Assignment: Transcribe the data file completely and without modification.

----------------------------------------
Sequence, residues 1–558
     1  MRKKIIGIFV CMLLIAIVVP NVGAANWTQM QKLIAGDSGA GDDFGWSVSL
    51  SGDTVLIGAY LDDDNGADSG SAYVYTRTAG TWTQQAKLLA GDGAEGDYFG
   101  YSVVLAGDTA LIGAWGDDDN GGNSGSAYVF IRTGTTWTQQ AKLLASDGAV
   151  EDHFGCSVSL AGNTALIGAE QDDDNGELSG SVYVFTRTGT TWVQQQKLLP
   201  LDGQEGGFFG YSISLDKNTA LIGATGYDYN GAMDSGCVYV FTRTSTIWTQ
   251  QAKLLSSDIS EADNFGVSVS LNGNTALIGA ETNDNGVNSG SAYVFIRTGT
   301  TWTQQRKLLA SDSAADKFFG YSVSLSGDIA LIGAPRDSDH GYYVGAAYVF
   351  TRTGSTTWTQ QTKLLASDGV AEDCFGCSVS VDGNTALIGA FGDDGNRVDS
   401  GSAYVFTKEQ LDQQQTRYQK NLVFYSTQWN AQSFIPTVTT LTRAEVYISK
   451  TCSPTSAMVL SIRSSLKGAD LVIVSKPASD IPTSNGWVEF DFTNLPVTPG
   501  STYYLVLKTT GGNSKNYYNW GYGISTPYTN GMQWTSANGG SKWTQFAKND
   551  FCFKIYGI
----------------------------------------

Sequence, residues 1–558
     1  MRKKIIGIFV CMLLIAIVVP NVGAANWTQM QKLIAGDSGA GDDFGWSVSL
    51  SGDTVLIGAY LDDDNGADSG SAYVYTRTAG TWTQQAKLLA GDGAEGDYFG
   101  YSVVLAGDTA LIGAWGDDDN GGNSGSAYVF IRTGTTWTQQ AKLLASDGAV
   151  EDHFGCSVSL AGNTALIGAE QDDDNGELSG SVYVFTRTGT TWVQQQKLLP
   201  LDGQEGGFFG YSISLDKNTA LIGATGYDYN GAMDSGCVYV FTRTSTIWTQ
   251  QAKLLSSDIS EADNFGVSVS LNGNTALIGA ETNDNGVNSG SAYVFIRTGT
   301  TWTQQRKLLA SDSAADKFFG YSVSLSGDIA LIGAPRDSDH GYYVGAAYVF
   351  TRTGSTTWTQ QTKLLASDGV AEDCFGCSVS VDGNTALIGA FGDDGNRVDS
   401  GSAYVFTKEQ LDQQQTRYQK NLVFYSTQWN AQSFIPTVTT LTRAEVYISK
   451  TCSPTSAMVL SIRSSLKGAD LVIVSKPASD IPTSNGWVEF DFTNLPVTPG
   501  STYYLVLKTT GGNSKNYYNW GYGISTPYTN GMQWTSANGG SKWTQFAKND
   551  FCFKIYGI